Their bill passed the Senate but would die in the House of Representatives. It would also become a point of contention for Republicans in the future.

McCain goes to Syria – 2013

McCain traveled to Syria in 2013 to meet with rebels in the conflicted country – becoming the highest ranking U.S. official to do so at the time.

McCain goes to Egypt – 2013

McCain also traveled to Egypt in 2013 and said the ousting of former President Mohamed Morsi was a “coup.”

Along with longtime colleague and friend Sen. Lindsey Graham, R-S.C., McCain pushed for the U.S. to “suspend assistance to Egypt” after the military removed Morsi from office.

McCain goes to Ukraine – 2013

McCain traveled to Ukraine in 2013 and talked to anti-government protesters who wanted the country's government to align more with Europe than Russia.

Sen. John McCain waves to pro-European integration protesters during a mass rally in Kiev in 2013.

Sen. John McCain waves to pro-European integration protesters during a mass rally in Kiev in 2013. (Reuters/Gleb Garanich)

"We are here to support your just cause, the sovereign right of Ukraine to determine its own destiny freely and independently. And the destiny you seek lies in Europe," McCain said during his address.

Chairman of the Armed Services committee - 2015

McCain served as the chairman of the Senate’s Armed Services Committee since 2015.

At the time, the New York Times described the opportunity as McCain’s “dream job” and the “the only job in Washington, other than being president, that he ever wanted.”

McCain goes back to Syria – 2017

McCain made a secret trip to Syria in February 2017 to “visit U.S. forces deployed there and to discuss counter-ISIL campaign and ongoing operations,” his spokesperson later said.

McCain versus health care - 2017

McCain came back to the Senate following his brain cancer diagnosis to deliver crucial votes on Republicans’ efforts to dismantle Obama’s health care law.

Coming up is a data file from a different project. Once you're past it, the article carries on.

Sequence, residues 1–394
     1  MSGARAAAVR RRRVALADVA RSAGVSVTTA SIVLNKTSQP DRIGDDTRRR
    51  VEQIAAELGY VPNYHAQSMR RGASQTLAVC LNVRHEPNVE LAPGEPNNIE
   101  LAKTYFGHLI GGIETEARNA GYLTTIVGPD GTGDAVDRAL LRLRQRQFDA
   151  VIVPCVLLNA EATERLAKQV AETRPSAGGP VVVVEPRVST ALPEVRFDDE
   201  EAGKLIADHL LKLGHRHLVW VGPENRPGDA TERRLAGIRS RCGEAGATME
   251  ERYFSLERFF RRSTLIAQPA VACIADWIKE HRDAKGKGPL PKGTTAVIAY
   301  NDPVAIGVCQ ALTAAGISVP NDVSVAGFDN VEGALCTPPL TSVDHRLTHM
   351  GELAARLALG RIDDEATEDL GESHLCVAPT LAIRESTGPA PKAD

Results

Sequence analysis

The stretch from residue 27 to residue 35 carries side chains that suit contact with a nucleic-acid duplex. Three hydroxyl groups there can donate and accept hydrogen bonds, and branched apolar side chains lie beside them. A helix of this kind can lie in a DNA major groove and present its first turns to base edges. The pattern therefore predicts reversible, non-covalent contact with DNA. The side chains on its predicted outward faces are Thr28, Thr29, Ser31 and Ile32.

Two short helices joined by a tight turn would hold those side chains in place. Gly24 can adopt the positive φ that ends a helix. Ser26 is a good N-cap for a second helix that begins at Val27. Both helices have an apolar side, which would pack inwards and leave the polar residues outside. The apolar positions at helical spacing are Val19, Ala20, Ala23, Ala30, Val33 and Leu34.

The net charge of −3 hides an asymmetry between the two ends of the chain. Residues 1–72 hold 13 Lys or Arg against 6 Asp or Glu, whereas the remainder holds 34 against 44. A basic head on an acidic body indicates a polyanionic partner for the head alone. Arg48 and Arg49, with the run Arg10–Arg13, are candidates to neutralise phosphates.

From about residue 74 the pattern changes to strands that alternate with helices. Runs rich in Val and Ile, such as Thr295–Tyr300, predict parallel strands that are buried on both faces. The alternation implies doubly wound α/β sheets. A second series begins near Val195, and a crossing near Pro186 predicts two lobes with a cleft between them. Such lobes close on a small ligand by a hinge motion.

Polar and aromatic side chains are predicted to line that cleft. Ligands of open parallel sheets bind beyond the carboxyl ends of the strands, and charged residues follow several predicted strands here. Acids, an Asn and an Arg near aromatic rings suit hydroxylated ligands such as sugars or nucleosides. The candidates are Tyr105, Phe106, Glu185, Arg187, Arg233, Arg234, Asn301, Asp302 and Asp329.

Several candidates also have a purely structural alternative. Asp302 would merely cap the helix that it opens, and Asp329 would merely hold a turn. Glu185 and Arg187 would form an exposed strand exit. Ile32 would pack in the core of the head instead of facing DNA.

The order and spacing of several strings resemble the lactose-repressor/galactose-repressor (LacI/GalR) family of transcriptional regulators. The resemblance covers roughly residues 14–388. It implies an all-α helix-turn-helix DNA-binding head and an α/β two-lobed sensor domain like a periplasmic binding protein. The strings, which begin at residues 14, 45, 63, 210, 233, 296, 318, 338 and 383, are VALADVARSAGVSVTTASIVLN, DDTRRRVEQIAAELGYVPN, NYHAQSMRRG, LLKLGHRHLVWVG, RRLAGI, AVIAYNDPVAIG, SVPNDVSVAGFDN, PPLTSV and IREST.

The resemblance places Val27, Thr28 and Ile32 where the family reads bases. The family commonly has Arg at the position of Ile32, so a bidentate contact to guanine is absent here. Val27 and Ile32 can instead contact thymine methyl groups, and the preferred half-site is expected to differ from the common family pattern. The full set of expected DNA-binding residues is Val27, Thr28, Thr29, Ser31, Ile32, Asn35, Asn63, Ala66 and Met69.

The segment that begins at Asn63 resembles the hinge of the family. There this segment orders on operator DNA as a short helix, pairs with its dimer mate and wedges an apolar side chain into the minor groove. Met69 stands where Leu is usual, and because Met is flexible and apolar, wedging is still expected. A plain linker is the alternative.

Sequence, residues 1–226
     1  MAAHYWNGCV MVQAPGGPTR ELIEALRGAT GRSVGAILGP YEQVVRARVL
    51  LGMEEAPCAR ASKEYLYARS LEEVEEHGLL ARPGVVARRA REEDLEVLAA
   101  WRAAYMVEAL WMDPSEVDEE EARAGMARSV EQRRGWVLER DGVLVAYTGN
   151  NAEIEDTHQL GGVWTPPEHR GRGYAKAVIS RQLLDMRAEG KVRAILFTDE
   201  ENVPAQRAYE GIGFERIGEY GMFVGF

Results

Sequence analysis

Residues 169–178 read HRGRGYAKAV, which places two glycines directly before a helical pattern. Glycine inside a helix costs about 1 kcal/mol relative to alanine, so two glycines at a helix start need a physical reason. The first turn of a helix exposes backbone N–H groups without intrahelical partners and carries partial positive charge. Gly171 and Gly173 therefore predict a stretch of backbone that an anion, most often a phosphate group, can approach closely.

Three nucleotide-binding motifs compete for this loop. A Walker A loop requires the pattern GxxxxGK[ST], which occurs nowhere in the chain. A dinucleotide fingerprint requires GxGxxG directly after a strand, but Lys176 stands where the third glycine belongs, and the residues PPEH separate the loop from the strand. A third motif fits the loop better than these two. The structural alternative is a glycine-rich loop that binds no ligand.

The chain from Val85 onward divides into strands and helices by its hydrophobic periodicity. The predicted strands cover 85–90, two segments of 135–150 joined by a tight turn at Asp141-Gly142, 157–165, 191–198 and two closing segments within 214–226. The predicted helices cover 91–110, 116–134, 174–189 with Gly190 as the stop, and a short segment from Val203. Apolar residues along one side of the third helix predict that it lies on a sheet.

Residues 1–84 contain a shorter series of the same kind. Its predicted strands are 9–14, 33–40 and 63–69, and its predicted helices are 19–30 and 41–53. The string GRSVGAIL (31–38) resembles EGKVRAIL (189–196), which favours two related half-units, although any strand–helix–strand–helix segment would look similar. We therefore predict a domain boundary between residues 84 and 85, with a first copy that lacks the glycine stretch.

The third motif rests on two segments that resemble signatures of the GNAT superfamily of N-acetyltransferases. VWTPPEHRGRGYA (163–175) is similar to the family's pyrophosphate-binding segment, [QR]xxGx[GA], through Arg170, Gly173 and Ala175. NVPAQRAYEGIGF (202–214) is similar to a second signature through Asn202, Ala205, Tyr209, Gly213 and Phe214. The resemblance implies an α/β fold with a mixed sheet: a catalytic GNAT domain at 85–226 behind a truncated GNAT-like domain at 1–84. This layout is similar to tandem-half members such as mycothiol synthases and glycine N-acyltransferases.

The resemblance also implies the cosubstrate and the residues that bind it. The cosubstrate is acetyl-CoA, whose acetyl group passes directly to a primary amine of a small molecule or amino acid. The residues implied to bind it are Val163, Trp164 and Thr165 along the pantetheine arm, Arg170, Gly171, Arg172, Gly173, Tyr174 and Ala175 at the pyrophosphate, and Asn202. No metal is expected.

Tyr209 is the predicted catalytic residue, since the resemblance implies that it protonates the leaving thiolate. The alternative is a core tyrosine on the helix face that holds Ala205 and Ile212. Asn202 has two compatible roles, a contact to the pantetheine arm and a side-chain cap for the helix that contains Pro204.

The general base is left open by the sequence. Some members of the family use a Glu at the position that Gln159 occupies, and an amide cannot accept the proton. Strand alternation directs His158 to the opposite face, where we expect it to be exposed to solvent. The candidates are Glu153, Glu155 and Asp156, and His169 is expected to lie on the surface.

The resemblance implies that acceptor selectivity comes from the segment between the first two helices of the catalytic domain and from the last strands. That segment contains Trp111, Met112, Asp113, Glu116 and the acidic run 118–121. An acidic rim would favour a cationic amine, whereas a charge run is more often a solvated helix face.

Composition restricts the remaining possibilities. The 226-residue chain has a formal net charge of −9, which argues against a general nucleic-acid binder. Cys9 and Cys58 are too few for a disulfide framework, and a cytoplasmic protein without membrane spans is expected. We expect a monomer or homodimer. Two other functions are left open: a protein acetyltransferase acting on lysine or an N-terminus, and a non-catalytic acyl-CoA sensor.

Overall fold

Sen. John McCain departs after returning to the Senate to vote on health care legislation on Capitol Hill.

Sen. John McCain departs after returning to the Senate to vote on health care legislation on Capitol Hill. (Reuters/Aaron P. Bernstein)

He first voted to move ahead the debate on the law and was warmly received by lawmakers on both sides of the aisle. But when push came to shove, McCain voted no on the effort to repeal and replace ObamaCare.

“I believe we could do better working together, Republicans and Democrats, and have not yet really tried,” McCain said at the time. “Nor could I support it without knowing how much it would cost, how it will affect insurance premiums and how many people would be helped or hurt by it.”

Liberty Medal recipient – 2017

McCain received the annual Liberty Medal award in Philadelphia for his “lifetime of sacrifice and service.” The award is “given to men and women of courage and conviction who have strived to secure the blessings of liberty to people the world over,” the Constitution Center said.

Biden presented the award to McCain.